LMIA-based Work Permit
LMIA-based Work Permit
Canadian employers are mandated to secure a document from Employment and Social Development Canada (ESDC)/Service Canada, confirming their ability to hire a temporary worker. This document is referred to as a Labour Market Impact Assessment (LMIA). The LMIA grants employers the authorization to engage a temporary foreign worker, substantiating the necessity for a foreign worker to fill the job and the unavailability of a qualified Canadian worker for the position.
The LMIA-based work permit follows a two-step application process. In the initial step, employers apply for an LMIA through Service Canada. The purpose of the LMIA is to ensure that the selection of foreign workers does not override qualified Canadian citizens and/or permanent residents for the job. A positive LMIA signifies that hiring foreign nationals in the specified occupation and work location is likely to have a positive or neutral impact on the Canadian labour market.
The second step involves applying for a work permit once the employer has secured a positive LMIA from Service Canada. The work permit application is then submitted to Immigration, Refugees and Citizenship Canada (IRCC).
Work permits based on skill types can be categorized into Skilled Work Permits and Semi-Skilled Work Permits.
Skilled Work Permits are applicable to occupations falling under the National Occupational Classification (NOC) skill levels 0, A, or B. Typically, applicants for skilled work permits are required to have 1-3 years of experience, depending on the occupation. In certain cases, relevant education may suffice to meet job requirements. Additionally, applicants must demonstrate proficiency in English or French to meet the language requirements of the job.
On the other hand, Semi-Skilled Work Permits are designated for occupations under the NOC skill levels C and D. These permits necessitate a maximum of high school education or job-specific training. Similar to skilled permits, language proficiency in English or French is essential to meet job requirements.
Notably, Semi-Skilled Work Permits under the agriculture stream often do not mandate specific language skills, education, or experience. However, applicants must still satisfy general eligibility requirements for the work permit.
For low-skilled work permits, employers typically cover return airfare, ensure the availability of affordable and suitable accommodation, provide temporary medical insurance coverage, register workers with provincial workplace safety insurance plans, and establish an employer-employee contract.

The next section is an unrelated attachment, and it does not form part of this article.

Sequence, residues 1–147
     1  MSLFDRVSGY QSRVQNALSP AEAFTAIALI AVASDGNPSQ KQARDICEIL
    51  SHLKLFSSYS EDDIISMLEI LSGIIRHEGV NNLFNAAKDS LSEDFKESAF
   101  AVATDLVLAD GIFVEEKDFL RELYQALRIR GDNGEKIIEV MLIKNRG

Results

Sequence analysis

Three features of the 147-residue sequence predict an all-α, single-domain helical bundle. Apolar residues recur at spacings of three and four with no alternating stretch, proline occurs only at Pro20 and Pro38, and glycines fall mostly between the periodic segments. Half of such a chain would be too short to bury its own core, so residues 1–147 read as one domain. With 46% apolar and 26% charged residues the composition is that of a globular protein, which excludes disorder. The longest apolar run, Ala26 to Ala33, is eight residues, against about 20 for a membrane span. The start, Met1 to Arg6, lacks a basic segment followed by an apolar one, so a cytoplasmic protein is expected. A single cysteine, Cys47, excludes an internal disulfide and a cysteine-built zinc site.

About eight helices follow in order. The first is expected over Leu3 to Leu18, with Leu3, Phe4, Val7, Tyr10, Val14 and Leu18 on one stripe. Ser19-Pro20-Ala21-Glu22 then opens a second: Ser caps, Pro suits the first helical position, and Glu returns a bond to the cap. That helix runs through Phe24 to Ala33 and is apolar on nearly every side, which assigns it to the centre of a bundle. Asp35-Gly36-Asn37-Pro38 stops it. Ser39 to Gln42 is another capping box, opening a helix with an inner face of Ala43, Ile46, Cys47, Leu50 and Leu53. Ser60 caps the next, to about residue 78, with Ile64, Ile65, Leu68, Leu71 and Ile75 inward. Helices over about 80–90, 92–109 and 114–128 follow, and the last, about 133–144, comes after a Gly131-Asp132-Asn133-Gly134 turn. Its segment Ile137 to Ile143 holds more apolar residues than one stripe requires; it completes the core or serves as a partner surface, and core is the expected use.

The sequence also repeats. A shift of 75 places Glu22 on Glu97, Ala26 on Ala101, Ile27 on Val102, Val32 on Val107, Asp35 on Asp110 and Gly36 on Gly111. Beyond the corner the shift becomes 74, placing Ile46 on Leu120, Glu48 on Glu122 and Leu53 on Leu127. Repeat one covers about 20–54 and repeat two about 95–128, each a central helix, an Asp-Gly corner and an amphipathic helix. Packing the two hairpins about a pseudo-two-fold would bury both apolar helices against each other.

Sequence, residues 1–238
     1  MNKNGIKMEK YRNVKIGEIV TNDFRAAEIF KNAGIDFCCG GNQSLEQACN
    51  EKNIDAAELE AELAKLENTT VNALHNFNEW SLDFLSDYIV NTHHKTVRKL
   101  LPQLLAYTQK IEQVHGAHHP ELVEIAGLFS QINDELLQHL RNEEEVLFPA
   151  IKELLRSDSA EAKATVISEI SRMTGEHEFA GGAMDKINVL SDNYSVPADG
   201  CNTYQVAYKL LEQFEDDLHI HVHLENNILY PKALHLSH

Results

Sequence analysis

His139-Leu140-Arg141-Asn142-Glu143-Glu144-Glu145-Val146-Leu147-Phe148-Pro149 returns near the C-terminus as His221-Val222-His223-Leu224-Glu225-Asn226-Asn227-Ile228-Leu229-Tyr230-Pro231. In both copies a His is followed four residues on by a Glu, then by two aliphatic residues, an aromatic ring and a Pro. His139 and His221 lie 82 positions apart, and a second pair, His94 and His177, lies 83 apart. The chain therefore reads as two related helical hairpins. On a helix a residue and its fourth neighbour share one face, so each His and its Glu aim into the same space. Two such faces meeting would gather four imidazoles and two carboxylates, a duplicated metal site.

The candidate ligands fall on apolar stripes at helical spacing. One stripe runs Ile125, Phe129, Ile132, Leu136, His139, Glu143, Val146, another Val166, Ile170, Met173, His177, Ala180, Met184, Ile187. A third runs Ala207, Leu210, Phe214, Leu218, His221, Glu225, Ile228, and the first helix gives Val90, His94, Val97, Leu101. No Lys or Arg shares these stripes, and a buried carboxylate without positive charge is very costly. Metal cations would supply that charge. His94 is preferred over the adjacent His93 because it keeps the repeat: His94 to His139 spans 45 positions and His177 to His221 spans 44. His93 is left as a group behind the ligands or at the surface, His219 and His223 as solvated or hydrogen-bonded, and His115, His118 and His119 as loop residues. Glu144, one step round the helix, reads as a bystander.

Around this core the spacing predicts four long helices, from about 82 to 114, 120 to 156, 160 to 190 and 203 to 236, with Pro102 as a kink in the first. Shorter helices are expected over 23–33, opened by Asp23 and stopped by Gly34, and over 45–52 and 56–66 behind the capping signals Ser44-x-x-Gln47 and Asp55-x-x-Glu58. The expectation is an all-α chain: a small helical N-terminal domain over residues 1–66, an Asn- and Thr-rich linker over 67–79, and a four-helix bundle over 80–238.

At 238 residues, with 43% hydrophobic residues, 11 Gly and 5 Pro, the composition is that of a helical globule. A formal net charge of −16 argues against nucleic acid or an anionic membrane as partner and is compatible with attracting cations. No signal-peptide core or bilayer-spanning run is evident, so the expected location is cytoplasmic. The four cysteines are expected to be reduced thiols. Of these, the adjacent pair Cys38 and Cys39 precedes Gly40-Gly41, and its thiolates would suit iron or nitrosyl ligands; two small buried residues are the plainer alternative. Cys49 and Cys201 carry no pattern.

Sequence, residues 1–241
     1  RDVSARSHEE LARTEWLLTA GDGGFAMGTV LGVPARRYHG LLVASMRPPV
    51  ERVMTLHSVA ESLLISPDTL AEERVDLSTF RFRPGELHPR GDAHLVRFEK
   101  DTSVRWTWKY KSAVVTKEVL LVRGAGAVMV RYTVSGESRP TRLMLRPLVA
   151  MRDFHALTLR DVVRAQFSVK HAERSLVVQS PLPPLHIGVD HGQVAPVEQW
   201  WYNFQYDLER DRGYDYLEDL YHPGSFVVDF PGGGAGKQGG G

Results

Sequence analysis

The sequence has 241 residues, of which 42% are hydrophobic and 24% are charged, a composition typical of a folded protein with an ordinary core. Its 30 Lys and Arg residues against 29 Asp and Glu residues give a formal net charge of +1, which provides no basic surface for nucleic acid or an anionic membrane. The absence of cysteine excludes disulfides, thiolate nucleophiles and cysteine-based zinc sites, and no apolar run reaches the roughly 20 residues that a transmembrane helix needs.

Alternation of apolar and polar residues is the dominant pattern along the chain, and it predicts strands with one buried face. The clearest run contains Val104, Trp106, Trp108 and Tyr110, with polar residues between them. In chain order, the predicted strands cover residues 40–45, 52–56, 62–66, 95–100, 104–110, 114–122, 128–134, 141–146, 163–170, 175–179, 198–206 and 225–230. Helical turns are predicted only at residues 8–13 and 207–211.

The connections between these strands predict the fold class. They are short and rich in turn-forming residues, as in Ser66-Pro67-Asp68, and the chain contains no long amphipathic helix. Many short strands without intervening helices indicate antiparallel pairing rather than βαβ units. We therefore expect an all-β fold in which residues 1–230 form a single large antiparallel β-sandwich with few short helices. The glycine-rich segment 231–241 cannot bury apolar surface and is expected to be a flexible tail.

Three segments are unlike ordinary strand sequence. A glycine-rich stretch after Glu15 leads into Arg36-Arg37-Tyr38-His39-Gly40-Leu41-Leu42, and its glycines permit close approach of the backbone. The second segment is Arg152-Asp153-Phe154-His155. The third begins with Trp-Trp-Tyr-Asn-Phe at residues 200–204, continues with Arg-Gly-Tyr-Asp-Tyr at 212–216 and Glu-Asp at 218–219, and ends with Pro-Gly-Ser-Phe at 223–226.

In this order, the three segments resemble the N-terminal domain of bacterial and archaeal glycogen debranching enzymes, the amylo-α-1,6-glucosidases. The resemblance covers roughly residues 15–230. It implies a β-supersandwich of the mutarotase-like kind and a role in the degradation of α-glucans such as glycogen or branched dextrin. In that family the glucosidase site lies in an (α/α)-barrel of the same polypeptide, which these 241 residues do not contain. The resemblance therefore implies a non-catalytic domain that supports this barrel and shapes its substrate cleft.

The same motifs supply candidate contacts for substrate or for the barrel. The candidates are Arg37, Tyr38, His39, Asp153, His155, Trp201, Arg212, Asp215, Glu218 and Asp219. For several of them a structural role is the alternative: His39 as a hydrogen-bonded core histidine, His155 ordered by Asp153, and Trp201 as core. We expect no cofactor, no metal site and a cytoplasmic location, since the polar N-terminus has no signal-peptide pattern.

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Work permits based on wage
Each Canadian province and territory establishes a median hourly wage, as determined by Statistics Canada. High-wage workers are those earning at or above the median hourly wage for a specified occupation in a given region. Employers offering wages at or above the provincial/territorial median hourly wage should submit an LMIA application under the high-wage stream.
Employers seeking to hire high-wage workers are required to include transition plans with their LMIA applications. These plans are crucial to ensure that employers are taking proactive steps to decrease their reliance on temporary foreign workers over time. The objective of transition plans is to confirm that employers are utilizing the program as a last and limited resort to address immediate labor needs on a temporary basis when qualified Canadians are unavailable. This ensures that Canadians are given the first opportunity for available jobs.
A transition plan outlines the activities an employer commits to undertaking, including recruiting, retaining, and training Canadians and permanent residents. Its purpose is to reduce reliance on the Temporary Foreign Worker Program. For high-wage positions, having a valid transition plan for the duration of the temporary foreign worker’s employment is a mandatory requirement.
Employers are required to submit an LMIA application under the low-wage occupation category if the wages offered to foreign nationals are below the provincial/territorial median hourly wage. Employers seeking to hire foreign workers for low-wage positions are not obligated to submit transition plans with their LMIA applications. Instead, they must adhere to a different set of guidelines.
In an effort to control access to the Temporary Foreign Worker Program (TFWP), the Canadian Government has implemented a cap to limit the number of low-wage temporary foreign workers a business can employ. Moreover, specific low-wage occupations may be excluded from LMIA processing. Employers with 10 or more employees applying for a new LMIA are subject to a cap of 10 percent on the proportion of their workforce that can consist of low-wage temporary foreign workers. However, there are exceptions to this cap; it does not apply when employers are hiring temporary foreign workers for on-farm agricultural positions.
Employers hiring workers at a low wage must: